Digital Topographic Raster Maps from NRC
Find and download the maps. Convert the UTM coordinates to GPS coordinates.
It is time to plan your adventure. You have all your gear, tent, sleeping bag, canoe, compass and a hundred things more that help you enjoy the Great Outdoors. Now you need a map. Canada may be big, but you can get a map from practically anywhere.
We could start and explain how it works, but Natural Resources Canada did a fine job with the instructions. Take some time to read through The Basics from the Topographic Maps page. Open the PDF and get started. It is an introduction to the art of maps.
Now you are ready to download your maps from Natural Resources Canada in digital format. The maps are in 1:250,000 or 1:50,000 scale. The 1:250,000 for 042I Moose River is about 70 cm by 55 cm print size, or about 8300 by 6550 pixels. 1 Milimeter on the map is 250 meters on the ground. Finding the right map for your trip may take some practice.
If you know the name of the place, enter it in the "Find a Location".
We find it easier to just zoom to the spot that we need. Zoom in with one-click intervals, it's enlarging very fast.
Our target is the river / railway crossing.
Click the Crosshair from Get coordnates from map, then click the position on the map.
The pop-up show NTS Mapsheet.
We need the 042 and I for the 1:250,000. We don't yet worry about the 1:50,000.
Open the Download Maps and Data from the Menu,
Select the Raster Maps: Get all maps for all of Canada.
Select the Digital Topographic Raster Maps, 1944-2012.
Find your Download directory, it is the 1:250,000 scale for GeoTIFF format.
Before you click Access, the top three options are the documentation and legend for the maps. You may want to go back later and get yourself a copy of the symbols.
Now it is time to hit the Access button for the 1:250,000 directory.
You get a list of folders with numbers, we need 042. Remember the NTS Mapsheet said 042I14 - Moose River.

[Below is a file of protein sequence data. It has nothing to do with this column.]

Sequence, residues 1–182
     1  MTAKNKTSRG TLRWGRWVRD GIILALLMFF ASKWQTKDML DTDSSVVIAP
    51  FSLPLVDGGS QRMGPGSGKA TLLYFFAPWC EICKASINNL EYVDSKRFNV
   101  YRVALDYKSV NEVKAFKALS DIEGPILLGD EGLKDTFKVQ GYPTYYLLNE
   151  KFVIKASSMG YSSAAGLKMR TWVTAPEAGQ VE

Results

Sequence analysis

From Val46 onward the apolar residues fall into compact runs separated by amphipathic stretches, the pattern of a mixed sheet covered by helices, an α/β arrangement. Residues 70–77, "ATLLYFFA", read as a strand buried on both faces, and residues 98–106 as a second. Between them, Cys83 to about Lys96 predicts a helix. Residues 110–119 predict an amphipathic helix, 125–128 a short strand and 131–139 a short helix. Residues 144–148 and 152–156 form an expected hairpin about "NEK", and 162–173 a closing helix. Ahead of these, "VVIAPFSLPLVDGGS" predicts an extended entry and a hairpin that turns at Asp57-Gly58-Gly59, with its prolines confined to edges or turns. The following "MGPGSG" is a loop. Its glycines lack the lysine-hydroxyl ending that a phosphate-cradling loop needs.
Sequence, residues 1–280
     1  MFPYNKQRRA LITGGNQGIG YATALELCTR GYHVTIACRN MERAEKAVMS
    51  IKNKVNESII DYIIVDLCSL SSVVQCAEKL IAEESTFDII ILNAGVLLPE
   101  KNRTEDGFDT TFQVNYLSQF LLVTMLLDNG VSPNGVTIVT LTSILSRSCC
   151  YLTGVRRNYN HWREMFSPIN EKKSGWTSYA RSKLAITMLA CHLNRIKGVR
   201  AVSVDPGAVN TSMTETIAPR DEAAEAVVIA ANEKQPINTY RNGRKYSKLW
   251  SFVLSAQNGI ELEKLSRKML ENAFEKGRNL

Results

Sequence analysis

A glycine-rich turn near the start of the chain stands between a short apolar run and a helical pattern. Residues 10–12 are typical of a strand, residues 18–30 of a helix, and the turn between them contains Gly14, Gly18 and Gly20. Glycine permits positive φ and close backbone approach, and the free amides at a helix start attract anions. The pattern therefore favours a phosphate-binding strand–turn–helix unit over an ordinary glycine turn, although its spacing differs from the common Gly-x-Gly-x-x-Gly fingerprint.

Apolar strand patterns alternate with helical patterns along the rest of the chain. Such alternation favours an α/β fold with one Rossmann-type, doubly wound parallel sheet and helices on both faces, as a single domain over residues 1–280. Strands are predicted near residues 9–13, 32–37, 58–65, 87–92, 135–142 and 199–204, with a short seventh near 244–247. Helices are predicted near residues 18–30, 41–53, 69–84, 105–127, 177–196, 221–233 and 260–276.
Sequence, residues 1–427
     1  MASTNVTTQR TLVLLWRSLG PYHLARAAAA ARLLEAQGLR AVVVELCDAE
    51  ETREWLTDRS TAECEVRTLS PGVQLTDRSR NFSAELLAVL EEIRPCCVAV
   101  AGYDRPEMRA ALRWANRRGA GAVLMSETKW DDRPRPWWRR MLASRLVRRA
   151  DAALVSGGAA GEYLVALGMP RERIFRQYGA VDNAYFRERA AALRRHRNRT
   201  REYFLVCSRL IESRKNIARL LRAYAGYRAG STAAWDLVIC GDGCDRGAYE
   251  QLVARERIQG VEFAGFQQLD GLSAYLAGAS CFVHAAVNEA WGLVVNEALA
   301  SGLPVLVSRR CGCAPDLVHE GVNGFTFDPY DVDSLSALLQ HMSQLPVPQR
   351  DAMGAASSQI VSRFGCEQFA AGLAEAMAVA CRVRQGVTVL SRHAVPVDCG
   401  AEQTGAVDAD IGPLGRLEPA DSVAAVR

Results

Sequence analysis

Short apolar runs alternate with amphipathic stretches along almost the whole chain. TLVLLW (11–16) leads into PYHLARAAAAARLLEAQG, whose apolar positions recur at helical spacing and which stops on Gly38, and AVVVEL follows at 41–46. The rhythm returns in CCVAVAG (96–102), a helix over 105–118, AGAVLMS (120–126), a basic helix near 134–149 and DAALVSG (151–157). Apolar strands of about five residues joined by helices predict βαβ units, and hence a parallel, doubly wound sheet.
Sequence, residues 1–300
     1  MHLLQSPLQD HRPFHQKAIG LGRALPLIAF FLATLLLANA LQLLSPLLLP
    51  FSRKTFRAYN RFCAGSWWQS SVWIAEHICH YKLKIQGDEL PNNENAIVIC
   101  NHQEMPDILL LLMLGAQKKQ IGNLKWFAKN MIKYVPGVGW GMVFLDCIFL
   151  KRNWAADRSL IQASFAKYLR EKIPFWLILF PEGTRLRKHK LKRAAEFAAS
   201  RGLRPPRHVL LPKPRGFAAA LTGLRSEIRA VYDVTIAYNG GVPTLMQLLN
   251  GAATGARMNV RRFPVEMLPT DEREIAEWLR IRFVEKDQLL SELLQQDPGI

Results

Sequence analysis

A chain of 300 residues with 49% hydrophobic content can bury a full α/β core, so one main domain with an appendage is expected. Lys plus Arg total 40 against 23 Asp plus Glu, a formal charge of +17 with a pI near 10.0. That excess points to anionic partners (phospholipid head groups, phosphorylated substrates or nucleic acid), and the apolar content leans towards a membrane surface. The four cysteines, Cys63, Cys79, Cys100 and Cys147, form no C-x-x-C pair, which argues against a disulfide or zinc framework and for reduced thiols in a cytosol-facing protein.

The next folders are alpha, we're after the I.
There are 3 files for this selection. Hover over the file names and watch for the full file name. the 042i_0200_canmatrix_geotiff.zip is what we're after, actually the 'geotiff' ending.
The file is int TIFF format. Now you can open the TIFF in your picture viewer and crop the information you need.
When you see more than 3 files, always select the one with the highest ending, this refers to the version.
Now you got the map in digital format. You can buy them on a 70 by 55cm paper from one of the Map Stores. They are listed on the website.
Index of adjoining maps
On the bottom right is the map id with the surrounding maps.
Meter and Mile Scale
The blue line rosters are actually 10 by 10km grids out in the wild. Below the title is a scale for kilometer and miles.
UTM Base Coordinates
To get the whole UTM coordinates, the prefix numbers are on the side of the map.
And the Zone is on the right side of the map.
This is about all the information you need to find a location based on the Easting and Northing. You can translate these numbers in GPS coordinates and enter in in Google Map.
Get the Easting
The base number is 440000. Use the number on top of a line and the new base is 470000.
Measure the distance from the line to the destination and add this to the base number.
From the paper I was working, the grid size was 5, the distance was 4.75.
We need the decimal number, so 10 / 5 x 4.75 = 9.5.
The new number is 479500 for Easting.
Not very scientific, but the result is correct. You can use inches or Milimeter, as long as you convert to the base 10, or 100, you get the correct result.
Get the Northing
The base is 5640000 but we're counting down, so the new base number is 5620000.
The grid size was 4 and the offset was 3.5. So 10 / 4 x 3.5 = 8.75
The new number is 5628750 for Northing
Use a converter to get the GPS coordinates. Remember, the Zone is 17 as printed on the map.
Zone 17, Easting 479500, Northing 5628750 and the result is:
GPS Coordinates 50.810118167490735 -81.2909635729243. Paste the red numbers into Google Map and you get to the train stop near the bridge over the Moose River.
First published on January 16, 2020